Senators rejected a cloture motion April 5 during first-round debate on a measure that would ask Nebraskans to decide whether voters must show identification at the polls.
LR1CA, introduced by Gretna Sen. John Murante, stalled during general file debate last session when an attempt to invoke cloture and cease debate failed. The proposal was given a priority designation this year, allowing it to be placed on the agenda again for further debate.
The measure would place a proposed constitutional amendment on the November 2018 general election ballot. If approved, the amendment would require voters in Nebraska to present an ID containing a photograph or digital image prior to casting a ballot.
The Legislature would be tasked with determining the specifics of the voter ID requirement through enabling legislation.
Murante said that since last session he had spent time traveling the state discussing the issue with Nebraskans, who he said overwhelmingly support voter ID.
“Folks around this state—and clearly around this country—are genuinely concerned about the integrity of elections: about the conduct of elections, about the sanctity of elections, about whether people’s votes are counted,” he said.
The 70 percent of Nebraskans who favor voter ID should have the opportunity to decide whether someone who shows up to vote is “who they say they are and live where they say they live,” he said. Such a requirement currently is necessary to purchase certain medications, board a plane or cash a check, he said, and also should be required of voters.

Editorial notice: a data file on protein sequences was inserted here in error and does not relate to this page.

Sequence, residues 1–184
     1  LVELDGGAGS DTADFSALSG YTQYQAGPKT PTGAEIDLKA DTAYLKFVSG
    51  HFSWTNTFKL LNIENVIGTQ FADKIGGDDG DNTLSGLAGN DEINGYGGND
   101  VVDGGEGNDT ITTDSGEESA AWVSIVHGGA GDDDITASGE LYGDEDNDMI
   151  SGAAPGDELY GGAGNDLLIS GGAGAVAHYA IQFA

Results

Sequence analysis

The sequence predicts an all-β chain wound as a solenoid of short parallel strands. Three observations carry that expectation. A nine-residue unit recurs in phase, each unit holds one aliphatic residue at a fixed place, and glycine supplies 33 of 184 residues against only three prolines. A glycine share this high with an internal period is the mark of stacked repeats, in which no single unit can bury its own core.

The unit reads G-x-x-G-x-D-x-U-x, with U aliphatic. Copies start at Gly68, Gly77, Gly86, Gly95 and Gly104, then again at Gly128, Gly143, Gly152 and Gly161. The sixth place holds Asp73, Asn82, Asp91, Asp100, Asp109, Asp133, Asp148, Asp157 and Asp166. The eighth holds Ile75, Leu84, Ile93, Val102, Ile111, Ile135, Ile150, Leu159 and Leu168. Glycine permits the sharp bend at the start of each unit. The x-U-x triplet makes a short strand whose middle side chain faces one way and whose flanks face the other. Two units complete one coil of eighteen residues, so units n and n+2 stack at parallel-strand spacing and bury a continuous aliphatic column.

“Over 35 states have some sort of voter identification on the books,” Murante said.
Lincoln Sen. Adam Morfeld spoke in opposition. People only support voter ID laws because individuals in power have misled them into believing that voter impersonation is an issue, he said, even though evidence for that assertion does not exist.
“It is the rarest form of fraud,” Morfeld said. “You and I are more likely to be struck by lightning twice than to be the victim of voter impersonation fraud.”
In addition, he said, voter ID would place an unnecessary burden on the elderly, students, low-income individuals and others. The secretary of state repeatedly has indicated that voter impersonation is not an issue in Nebraska, Morfeld said, so lawmakers should focus on election technology concerns rather than restricting ballot access.
After an hour of debate, Murante offered a motion to invoke cloture, or cease debate and vote on the bill. The motion failed on a 24-18 vote. Thirty-three votes were needed. A failed cloture motion results in debate on a measure ceasing for the day. With five days left in the legislative session, LR1CA is unlikely to be placed on the agenda again.